China /

Chinese Children Starting at Age 3 Will Get Vaccinated for COVID Amid New Surge

China wants to have 80% of its population fully vaccinated

China will vaccinate children ages 3 to 11 against COVID-19.

The country’s authorities have a “zero tolerance” policy against outbreaks and the expanded age range is regarded as an attempt to stave off future incidents. Notices of the policy change were issued in five Chinese provinces by local city and provincial-level governments.

China will be one of only a few countries in the world to approve vaccines for children so young. Cuba narrowly beats China, as the island nation offers the COVID-19 vaccine for children at age 2. 

In contrast, the COVID-19 shot is permitted for minors at age 12 by the U.S. and many European countries. The U.S. is expected to open vaccinations to 5- to 11-year-olds in the coming weeks.

“The expansion of the vaccination campaign comes as parts of China take new clampdown measures to try to stamp out small outbreaks. Gansu, a northwestern province heavily dependent on tourism, closed all tourist sites Monday after finding new COVID-19 cases. Residents in parts of Inner Mongolia have been ordered to stay indoors because of an outbreak there,” reports AP News. “The National Health Commission reported that 35 new cases of local transmission had been detected over the past 24 hours, four of them in Gansu. An additional 19 cases were found in the Inner Mongolia region, with others scattered around the country.”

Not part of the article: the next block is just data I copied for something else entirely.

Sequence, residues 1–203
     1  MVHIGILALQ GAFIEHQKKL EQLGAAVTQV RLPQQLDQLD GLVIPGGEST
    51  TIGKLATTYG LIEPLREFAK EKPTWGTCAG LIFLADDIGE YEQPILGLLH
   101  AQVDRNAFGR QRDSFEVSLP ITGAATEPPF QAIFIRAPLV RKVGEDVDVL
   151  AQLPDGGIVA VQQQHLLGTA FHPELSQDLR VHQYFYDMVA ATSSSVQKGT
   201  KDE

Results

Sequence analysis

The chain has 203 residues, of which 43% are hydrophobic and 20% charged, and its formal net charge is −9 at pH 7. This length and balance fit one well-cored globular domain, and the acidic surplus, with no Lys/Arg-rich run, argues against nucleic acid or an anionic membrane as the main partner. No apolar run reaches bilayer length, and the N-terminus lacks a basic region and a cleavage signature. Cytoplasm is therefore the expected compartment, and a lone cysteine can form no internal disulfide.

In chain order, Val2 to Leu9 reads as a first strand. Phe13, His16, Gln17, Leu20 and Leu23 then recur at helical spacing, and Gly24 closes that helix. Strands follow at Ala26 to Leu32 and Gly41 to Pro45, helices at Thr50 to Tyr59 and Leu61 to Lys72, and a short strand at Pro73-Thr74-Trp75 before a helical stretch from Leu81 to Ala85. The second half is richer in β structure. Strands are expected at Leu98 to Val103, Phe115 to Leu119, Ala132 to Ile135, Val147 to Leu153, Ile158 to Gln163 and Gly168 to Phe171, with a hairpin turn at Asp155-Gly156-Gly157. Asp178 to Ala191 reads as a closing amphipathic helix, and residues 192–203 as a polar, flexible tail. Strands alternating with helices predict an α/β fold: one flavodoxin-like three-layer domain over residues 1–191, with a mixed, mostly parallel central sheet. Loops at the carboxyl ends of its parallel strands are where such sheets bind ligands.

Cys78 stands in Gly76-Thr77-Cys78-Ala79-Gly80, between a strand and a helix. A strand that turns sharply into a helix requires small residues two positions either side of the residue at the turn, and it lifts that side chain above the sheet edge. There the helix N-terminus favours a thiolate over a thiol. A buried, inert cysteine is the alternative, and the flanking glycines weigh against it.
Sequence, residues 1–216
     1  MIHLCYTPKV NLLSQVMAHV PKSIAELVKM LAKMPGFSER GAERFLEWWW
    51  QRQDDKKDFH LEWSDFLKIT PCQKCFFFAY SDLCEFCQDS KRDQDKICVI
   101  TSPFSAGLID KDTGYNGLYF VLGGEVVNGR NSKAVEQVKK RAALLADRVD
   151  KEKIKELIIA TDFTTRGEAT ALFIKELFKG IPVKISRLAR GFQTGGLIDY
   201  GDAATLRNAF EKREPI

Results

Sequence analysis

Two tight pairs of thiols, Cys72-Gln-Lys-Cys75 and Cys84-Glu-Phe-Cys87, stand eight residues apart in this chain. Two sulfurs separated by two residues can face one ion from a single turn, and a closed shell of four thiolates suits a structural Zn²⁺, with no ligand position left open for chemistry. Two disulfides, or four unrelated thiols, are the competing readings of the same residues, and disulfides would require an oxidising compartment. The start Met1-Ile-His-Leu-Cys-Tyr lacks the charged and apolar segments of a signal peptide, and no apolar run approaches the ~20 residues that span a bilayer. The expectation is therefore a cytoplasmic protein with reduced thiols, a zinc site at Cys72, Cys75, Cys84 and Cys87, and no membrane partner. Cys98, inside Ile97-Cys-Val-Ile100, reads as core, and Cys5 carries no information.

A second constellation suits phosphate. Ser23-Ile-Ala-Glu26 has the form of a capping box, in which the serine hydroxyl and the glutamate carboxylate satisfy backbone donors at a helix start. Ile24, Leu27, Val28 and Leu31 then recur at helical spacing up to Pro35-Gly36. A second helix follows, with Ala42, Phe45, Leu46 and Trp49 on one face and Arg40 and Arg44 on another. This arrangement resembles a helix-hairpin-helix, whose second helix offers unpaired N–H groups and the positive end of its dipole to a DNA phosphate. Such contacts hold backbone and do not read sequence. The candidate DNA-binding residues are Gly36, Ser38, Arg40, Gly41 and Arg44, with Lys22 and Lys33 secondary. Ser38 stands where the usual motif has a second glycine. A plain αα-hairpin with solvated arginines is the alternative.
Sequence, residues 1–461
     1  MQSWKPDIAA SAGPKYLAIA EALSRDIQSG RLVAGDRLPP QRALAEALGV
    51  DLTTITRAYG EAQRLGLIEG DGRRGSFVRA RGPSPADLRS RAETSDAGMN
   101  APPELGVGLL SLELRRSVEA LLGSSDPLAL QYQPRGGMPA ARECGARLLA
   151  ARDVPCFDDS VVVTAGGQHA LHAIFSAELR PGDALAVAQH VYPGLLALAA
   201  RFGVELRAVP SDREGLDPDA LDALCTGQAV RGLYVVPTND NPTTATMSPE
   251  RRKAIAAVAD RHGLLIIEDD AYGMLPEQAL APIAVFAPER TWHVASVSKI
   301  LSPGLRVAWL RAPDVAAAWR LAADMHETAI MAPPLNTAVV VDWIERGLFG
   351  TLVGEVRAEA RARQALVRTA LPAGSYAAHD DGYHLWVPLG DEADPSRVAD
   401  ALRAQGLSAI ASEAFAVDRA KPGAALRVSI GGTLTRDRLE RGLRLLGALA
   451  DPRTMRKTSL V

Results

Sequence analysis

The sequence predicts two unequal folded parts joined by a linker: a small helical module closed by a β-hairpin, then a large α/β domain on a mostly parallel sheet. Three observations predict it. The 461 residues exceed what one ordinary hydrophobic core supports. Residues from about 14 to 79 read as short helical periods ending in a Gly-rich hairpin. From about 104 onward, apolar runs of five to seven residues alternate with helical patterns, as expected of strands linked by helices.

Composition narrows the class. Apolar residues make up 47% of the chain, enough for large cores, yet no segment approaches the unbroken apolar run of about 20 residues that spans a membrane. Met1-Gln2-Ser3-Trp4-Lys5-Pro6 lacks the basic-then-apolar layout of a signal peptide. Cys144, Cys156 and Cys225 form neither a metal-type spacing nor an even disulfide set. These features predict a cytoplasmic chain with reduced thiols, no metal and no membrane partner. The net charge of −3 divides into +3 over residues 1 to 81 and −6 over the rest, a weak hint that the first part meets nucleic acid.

Health authorities report that 76% of the Chinese population has been fully vaccinated — roughly 1.07 billion people out of a population of 1.4 billion. There are approximately 254 million children in the country. Vaccinating some portion of this age group is necessary as China strives to have 80% of its population vaccinated. 

Vaccines are often approved separately for adults and children because younger immune systems may react differently to the doses,” reported Fox News. “Experts say inactivated vaccines are generally considered safe for children, as the technology has been in use for a long time, such as in mandatory childhood immunization programs, and have shown low risk.”

In June, the country approved the use of two vaccines, Sinopharm and Sinovac, for children ages 3 to 17. However, only children ages 12 and older were administered the inoculation.

Following China’s approval, other nations — including Cambodia, Argentina, and Chile — approved the use of the same vaccine for their minor population.

China has not publicly announced a timeline for vaccinating children.

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